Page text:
November 2006

Increasing Defense Spending


(PDF Version)

Thank you very much, Colonel Belknap. I’m delighted to be here at West Point and to have a chance to talk with all of you. When Major John Cogbill was at Harvard a few years ago, he suggested that I come to West Point to give a lecture. He promised that I could do so when there would be a good football game here at West Point. I’m looking forward to tomorrow night’s game. Good luck!

I have been interested for several years now in trying to increase the current very small number of academic economists working on issues of national security. To fill this serious gap in the economics profession and in our nation’s analytic capability, I organized a graduate seminar at Harvard devoted to the economics of national security – that’s where I met John Cogbill, Adam Albrich and others here. I also started a working group at the National Bureau of Economic Research on national security to which some of the West Point faculty have come. And I’ve organized and chaired sessions at the annual American Economic Association meetings on the subject of national security.

On each occasion I say to the assembled group that I think that the economics of national security is the most neglected important subject in economics and the most important neglected subject in economics. I think we’re beginning to make some progress in getting more academic economists around the country interested in the subject. I think that’s a very good thing.

Today I want to talk about a central question: the outlook for the defense budget in the context of our longer term macroeconomic environment and about the implications of that for national security.

I am, frankly, very concerned about the size of the defense budget and its implications for our nation’s ability to protect our security at home and to deal with our enemies abroad. As you know, defense outlays in the current fiscal year will be about $525 billion. This is far more than any other nation. It’s more than the next 40 nations put together.

But is it really adequate for the task that faces the U.S. defense establishment today and that it’s going to face in the years ahead? I think the answer to that question is probably no. With something as critical as national security, even a “probably yes” wouldn’t be good enough. I think we have to have a good margin of safety in our defense capability.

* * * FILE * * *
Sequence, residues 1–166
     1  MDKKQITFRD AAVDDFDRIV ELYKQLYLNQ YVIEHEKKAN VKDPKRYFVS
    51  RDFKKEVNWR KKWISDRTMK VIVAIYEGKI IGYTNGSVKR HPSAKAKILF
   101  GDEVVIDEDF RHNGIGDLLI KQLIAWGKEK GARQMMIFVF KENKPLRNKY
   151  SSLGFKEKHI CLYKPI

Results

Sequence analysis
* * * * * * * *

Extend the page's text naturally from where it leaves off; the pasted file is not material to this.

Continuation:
It’s useful to put our current spending in historic perspective and to see how it has evolved. Right now, defense spending is almost exactly 4 percent of GDP, but that includes the funds for the operation in Afghanistan and Iraq. Without that, defense outlays now would be just about 3 percent of GDP. How does that compare to where we’ve been in the past?

Back in 1962, before the Vietnam War, defense spending was 9.3 percent of GDP. So it was more than three times today’s spending outside of the Afghanistan and Iraq operations. By 1979, that 9.3 percent had been cut in half – to just 4.7 percent of GDP – to make room for the growth of the social programs that hadn’t existed in 1962. Then President Reagan, whom I had the privilege of serving as the Chairman of the Council of Economic Advisors, increased defense spending very rapidly. Total defense spending doubled between 1980 and 1986. The share of GDP spent on defense rose to more than 6 percent of GDP by 1986. All of that in just five years. I think that resulting new military strength helped us to bring about the collapse of the Soviet Union.

That led, though, in the 1990s to the so-called “peace dividend” in which defense spending fell to just 3 percent of GDP by the year 2000. And that’s where we are today: 3 percent of GDP, except for the spending on Afghanistan and Iraq.

So the big question is: Is that enough for defense in this post-Soviet Union age? I don’t think so.

It’s certainly true that modern weapons have much greater accuracy, much greater lethality than the weapons of 1960 or 1980. But the enemies we face today and the circumstances in which we fight are also very different.

It’s worth remembering that President Eisenhower decided on a strategy of giving a major role to nuclear weapons as a deterrent because he concluded that a large enough conventional Army to deter the Soviet Union would simply be too expensive. That strategy worked. It kept the Soviet Union out of western Europe and away from the United States. But nuclear weapons can be only a very small part of our current military strategy. Similarly, the traditional weapons that have become so much better in recent years do have a role to play, but they are certainly not sufficient for the current environment.